Portuguese bullfights differ from those in other countries in two major ways.
First, the star of the show is not the matador, but a horseman bullfighter, costumed as an 18th-century nobleman, with a plumed hat and embroidered coat.
Second, and most importantly, the bull is never killed in the ring thanks to a decree made by the Marques de Pombal in the 18th century.
The latter seemed to make the idea of attending a bullfight a bit more palatable, so that's how Jen and II found ourselves at the Campo Pequeno in Lisbon at 10pm at the last event of the season.
Outside the venue, a group of folk dancers competed for attention with a group of protesters who were trying to drown out the music with airhorns and cowbells. Inside, we climbed the stairs to the second balcony and took our seat in the first row, which offered the best view of the action, and cost 17.50€ ($26).
We were joined by Peter, a Danish tourist who came by himself, leaving his wife and kids back at the hotel.
The principle characters paraded into the ring, led by the forcados, then the matadors and finally the caveleiros. After the introduction, the bull is ushered into the ring and the battle begins.
>Bullfighting originated as a military training exercise for both man and horse, building dexterity and agility as they avoided the horns of the angry bull. These days, the horsemen display their skill by guiding the horse left, right, forward and back as the bull (with his horns filed down) chases from behind. The closer to the bull the caveleiro is, the bigger the applause when he finally "escapes."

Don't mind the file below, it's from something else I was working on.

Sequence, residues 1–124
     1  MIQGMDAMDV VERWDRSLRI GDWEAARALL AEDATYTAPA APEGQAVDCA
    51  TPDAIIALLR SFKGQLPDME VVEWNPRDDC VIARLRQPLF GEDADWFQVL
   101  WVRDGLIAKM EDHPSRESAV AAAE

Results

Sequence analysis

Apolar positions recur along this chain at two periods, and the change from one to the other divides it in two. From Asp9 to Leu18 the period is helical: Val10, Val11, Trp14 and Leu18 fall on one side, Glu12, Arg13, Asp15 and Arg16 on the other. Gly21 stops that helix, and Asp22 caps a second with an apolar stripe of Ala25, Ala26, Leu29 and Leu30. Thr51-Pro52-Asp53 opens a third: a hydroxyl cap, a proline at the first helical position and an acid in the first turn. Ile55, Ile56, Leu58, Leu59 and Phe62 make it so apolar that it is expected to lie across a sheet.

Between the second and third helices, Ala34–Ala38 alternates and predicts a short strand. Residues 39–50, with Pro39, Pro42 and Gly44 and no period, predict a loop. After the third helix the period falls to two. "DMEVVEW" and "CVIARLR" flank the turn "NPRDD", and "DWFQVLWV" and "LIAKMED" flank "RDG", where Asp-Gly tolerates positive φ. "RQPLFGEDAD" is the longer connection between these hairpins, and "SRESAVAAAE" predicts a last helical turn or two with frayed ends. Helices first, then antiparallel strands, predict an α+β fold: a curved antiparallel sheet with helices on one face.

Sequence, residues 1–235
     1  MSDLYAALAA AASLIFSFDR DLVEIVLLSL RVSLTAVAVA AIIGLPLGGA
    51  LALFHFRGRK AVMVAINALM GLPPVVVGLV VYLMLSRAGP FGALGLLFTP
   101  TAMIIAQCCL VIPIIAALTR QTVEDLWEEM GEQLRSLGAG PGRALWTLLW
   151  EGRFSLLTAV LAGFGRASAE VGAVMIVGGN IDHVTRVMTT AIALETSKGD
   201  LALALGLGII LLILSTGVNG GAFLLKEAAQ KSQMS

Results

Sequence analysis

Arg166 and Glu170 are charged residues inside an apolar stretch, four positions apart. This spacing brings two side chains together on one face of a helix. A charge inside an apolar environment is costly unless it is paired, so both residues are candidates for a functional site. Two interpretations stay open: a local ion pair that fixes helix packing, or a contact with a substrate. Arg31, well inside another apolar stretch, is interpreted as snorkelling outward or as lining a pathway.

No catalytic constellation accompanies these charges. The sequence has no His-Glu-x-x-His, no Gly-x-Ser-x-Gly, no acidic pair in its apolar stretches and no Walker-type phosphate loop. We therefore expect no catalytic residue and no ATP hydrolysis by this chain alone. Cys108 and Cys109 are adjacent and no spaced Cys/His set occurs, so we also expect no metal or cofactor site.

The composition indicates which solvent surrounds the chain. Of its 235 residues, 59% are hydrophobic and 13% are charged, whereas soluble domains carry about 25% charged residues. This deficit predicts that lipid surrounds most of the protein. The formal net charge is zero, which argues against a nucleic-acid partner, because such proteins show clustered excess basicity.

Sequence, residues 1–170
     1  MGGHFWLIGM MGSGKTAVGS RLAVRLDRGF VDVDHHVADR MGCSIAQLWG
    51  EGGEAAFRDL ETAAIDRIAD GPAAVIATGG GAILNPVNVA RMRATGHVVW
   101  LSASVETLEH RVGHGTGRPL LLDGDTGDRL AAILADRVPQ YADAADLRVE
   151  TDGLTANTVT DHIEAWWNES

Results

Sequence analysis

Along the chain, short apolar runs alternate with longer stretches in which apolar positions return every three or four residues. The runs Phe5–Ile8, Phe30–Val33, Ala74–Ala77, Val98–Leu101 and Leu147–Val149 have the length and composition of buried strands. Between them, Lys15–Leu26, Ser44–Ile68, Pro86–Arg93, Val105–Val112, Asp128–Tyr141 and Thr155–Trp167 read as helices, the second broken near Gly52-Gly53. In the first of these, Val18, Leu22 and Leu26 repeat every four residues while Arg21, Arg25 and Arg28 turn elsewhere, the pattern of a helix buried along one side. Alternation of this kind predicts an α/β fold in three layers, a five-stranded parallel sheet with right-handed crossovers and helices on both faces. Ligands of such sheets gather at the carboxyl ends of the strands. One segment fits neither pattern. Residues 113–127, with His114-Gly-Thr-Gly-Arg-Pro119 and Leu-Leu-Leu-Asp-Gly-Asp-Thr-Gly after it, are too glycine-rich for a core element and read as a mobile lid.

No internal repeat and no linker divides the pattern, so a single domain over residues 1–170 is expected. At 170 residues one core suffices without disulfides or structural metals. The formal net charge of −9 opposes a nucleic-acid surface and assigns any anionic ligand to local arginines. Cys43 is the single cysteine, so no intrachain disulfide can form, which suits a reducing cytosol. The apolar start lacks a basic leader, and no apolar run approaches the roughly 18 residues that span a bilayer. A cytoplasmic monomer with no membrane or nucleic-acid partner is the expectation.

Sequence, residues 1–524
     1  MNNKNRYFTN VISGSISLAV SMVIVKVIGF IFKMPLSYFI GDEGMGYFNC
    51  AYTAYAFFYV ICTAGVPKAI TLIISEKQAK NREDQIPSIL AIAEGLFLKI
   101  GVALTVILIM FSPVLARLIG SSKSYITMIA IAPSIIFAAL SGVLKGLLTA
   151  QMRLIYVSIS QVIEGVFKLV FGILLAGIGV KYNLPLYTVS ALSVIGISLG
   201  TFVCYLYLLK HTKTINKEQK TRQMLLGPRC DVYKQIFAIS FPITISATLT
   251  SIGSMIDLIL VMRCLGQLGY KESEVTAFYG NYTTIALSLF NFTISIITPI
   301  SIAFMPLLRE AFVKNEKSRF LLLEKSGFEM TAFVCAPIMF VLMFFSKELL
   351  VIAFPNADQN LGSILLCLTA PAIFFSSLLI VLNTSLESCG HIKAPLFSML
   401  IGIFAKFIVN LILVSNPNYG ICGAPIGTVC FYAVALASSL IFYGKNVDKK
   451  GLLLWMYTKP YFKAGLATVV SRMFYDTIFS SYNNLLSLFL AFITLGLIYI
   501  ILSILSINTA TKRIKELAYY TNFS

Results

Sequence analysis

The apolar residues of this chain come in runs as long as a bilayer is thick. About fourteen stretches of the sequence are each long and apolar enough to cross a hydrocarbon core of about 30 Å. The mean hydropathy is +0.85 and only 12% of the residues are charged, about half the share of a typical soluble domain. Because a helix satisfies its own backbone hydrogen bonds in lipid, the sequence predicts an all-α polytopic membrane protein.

The barbaric part comes when the cavaleiro charges the bull with a bandarilha (dart) and drives it into the bull's back. With each successive pass, the dart gets shorter and shorter, which increases the risk to the horse and the horseman. Meanwhile, the bull gets increasingly angrier and weaker at the same time.
When the cavaleiro is finished showing off his bravado, a group of eight men charge the bull and the frontman flings himself onto the front of the enraged charging bull, while the other men work on slowing the bull down. It looks pretty comedic, but the danger is high.
Finally, a group of cows are paraded into the ring and the bull follows them out. Then the process is repeated with another bull and a new cavaleiro.
In the end, I left with no desire to ever see another bullfight (as expected). It just wasn't a fair fight. Sure, it was a cultural experience, but then again, so is NASCAR, and I have no plans to attend a race anytime in the near or distant future.
If I were the Marques de Pombal, I would have made another decree. I would ask that the bulls be "marked" with paint or velcro darts instead of causing real harm to the animals.